Foreign instructors who have lost their jobs because of school closures face additional humiliation and loneliness because of the stigma of foreigners supposedly having Covid.

Many foreign teachers are having a terrible time right now. The majority of the workers were hourly workers who are now out of work.

For many foreign teachers, it has been nearly six months since their last paycheck, and some are even begging on the streets. What can you do if you don’t have food and no income? It is not an option to be proud.

Some are lucky and have secured jobs teaching online. Some are not so lucky and are battling with paying rent and putting food on the table.

Teaching Online.

Although many language teachers have attempted to teach online, some parents are unwilling to pay the entire amount for online sessions.

For newer teachers, online lessons can be as low as a third to half of the standard rate. And for some, finding those students can be difficult. Especially if you have no knowledge of the Vietnamese language.

The parents want their children to learn but may themselves either have a basic grasp of the language, or no English skills at all.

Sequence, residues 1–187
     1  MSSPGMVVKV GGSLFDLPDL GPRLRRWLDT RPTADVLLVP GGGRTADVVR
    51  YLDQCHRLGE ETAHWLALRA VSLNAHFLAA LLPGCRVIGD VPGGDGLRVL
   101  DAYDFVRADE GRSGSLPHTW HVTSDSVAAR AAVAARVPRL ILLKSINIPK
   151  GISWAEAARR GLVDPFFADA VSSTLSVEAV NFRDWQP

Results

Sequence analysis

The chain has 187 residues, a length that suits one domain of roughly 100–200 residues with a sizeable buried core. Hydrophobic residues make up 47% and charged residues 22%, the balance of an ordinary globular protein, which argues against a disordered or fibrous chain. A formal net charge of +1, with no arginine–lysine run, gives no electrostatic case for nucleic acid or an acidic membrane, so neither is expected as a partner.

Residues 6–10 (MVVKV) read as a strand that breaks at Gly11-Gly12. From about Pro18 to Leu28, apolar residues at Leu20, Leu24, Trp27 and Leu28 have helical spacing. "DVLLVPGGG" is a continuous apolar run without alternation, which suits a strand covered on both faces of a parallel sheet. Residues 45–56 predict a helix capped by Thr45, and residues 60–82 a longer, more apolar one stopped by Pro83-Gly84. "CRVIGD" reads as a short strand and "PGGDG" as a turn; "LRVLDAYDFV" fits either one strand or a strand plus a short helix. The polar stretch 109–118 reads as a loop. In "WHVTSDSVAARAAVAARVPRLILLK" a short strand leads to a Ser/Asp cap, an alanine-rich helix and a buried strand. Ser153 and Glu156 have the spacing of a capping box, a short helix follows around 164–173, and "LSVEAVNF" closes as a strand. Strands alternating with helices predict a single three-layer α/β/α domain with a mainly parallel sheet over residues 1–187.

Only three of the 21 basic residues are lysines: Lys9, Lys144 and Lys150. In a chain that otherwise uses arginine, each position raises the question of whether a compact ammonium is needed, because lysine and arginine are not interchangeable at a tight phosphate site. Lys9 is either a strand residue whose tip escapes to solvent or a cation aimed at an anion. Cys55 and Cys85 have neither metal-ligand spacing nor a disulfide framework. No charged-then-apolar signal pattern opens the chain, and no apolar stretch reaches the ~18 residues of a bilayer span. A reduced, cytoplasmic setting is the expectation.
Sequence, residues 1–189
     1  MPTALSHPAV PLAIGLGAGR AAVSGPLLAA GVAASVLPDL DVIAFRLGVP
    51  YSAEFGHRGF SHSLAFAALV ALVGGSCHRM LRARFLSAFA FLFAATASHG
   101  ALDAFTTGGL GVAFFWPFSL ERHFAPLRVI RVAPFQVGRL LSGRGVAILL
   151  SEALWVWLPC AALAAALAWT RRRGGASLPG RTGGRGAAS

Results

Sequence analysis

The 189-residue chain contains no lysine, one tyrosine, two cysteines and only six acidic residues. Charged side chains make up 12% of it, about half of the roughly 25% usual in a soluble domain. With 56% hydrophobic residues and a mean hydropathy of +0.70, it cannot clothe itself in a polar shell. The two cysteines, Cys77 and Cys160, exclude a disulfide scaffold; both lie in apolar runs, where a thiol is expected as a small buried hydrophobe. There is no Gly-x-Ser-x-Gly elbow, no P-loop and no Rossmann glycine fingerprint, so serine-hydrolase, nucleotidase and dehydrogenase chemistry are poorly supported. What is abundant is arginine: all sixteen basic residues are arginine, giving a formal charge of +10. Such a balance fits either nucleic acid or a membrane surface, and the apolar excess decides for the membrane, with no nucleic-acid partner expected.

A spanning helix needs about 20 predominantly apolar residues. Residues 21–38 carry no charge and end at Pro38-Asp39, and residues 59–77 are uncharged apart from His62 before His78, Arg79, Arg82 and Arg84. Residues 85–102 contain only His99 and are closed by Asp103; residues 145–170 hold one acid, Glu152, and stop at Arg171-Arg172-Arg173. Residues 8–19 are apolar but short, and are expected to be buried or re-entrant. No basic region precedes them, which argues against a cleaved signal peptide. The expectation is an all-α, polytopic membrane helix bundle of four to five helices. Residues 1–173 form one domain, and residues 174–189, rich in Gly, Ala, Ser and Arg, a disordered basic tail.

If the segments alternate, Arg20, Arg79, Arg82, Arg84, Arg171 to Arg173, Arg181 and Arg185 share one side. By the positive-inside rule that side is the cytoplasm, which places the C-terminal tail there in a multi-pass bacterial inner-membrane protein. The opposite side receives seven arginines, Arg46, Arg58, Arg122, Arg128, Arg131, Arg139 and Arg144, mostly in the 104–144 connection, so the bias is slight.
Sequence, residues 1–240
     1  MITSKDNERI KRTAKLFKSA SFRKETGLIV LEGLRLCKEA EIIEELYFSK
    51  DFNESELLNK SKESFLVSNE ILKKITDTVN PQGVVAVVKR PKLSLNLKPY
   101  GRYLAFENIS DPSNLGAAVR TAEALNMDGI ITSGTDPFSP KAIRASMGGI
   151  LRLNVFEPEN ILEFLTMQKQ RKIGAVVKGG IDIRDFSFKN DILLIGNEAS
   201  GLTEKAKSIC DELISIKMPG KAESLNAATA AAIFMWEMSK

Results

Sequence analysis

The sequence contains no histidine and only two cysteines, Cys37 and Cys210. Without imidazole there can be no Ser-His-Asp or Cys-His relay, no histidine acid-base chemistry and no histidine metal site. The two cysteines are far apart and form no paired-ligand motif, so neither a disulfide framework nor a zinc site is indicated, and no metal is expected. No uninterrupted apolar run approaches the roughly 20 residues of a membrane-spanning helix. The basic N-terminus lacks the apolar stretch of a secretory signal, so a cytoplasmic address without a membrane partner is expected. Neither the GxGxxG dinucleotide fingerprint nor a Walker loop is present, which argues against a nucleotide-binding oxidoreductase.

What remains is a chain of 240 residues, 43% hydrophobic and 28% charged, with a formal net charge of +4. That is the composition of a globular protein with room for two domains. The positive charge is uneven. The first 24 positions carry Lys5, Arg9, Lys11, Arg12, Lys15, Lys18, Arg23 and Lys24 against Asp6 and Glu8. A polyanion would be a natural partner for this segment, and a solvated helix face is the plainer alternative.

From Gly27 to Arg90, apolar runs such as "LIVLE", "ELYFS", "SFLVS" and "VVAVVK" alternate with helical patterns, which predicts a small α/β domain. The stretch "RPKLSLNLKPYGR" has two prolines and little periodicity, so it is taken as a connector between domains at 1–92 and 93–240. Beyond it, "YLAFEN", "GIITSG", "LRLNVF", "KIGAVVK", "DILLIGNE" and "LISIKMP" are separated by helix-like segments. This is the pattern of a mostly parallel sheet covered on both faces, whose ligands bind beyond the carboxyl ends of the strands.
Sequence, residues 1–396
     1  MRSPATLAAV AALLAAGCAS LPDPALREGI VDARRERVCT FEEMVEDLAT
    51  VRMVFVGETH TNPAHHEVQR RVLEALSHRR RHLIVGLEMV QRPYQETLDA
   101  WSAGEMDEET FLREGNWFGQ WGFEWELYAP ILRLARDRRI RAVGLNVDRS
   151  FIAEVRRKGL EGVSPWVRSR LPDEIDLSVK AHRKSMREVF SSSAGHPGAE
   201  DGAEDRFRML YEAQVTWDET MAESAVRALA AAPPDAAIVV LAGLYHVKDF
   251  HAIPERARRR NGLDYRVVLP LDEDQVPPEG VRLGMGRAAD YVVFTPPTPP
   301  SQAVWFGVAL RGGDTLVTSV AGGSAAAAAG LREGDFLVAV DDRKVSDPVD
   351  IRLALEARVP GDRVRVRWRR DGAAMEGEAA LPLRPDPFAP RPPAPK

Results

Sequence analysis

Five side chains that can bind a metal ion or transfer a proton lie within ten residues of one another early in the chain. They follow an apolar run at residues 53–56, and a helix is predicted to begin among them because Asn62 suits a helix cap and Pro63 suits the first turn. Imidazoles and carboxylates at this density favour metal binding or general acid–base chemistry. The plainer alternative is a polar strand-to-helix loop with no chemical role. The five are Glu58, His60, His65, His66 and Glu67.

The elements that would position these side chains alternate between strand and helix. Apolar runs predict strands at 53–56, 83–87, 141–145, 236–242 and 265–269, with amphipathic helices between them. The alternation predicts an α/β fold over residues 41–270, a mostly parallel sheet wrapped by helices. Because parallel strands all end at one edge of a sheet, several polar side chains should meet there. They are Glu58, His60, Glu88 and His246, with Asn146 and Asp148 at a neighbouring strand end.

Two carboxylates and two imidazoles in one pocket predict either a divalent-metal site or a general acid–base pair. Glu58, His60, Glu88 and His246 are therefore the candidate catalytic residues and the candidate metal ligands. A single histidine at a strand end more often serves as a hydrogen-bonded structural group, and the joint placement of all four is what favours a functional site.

However, if you have a large following, parents will be willing to pay extra. And if you’re known for being a terrific teacher, you won’t have to discount anything.

“Something is better than nothing,” some are saying. “Business as usual” for others.

A Glimmer of Hope. Maybe!

Schools are starting to advertise more for online teachers. However, a lot of the English centers have closed, and finding a well-paying job is more difficult.

The airlines are just starting to re-open along with some businesses. Covid rates have increased as one would expect. Lockdowns and continued pressure on the local populace though have forced the government into slowly opening things again.

An example of the confusion at the moment is the karaoke bars were allowed to re-open. So the owners went out and re-employed staff and got everything up and working again. Only to be told 2 days later they were closing them down again.

But This is About the Students.

So who are the ones who suffer the most? Yes, the children are hurting the most, both educationally and in some cases emotionally.

This has been one of the most difficult times in Vietnam’s history for teachers and pupils.

The pandemic’s aftermath threatens to undermine this generation’s chances and limit their options well into adulthood.

The long-term consequences may jeopardize their chances of attending college and, eventually, finding a satisfying profession that allows them to support their family.

It’s not just about the learning.

During the pandemic, students lost more than just academic knowledge. Some have lost family members; others have lost employment and sources of money for their parents and caretakers, and almost all have experienced some type of social isolation.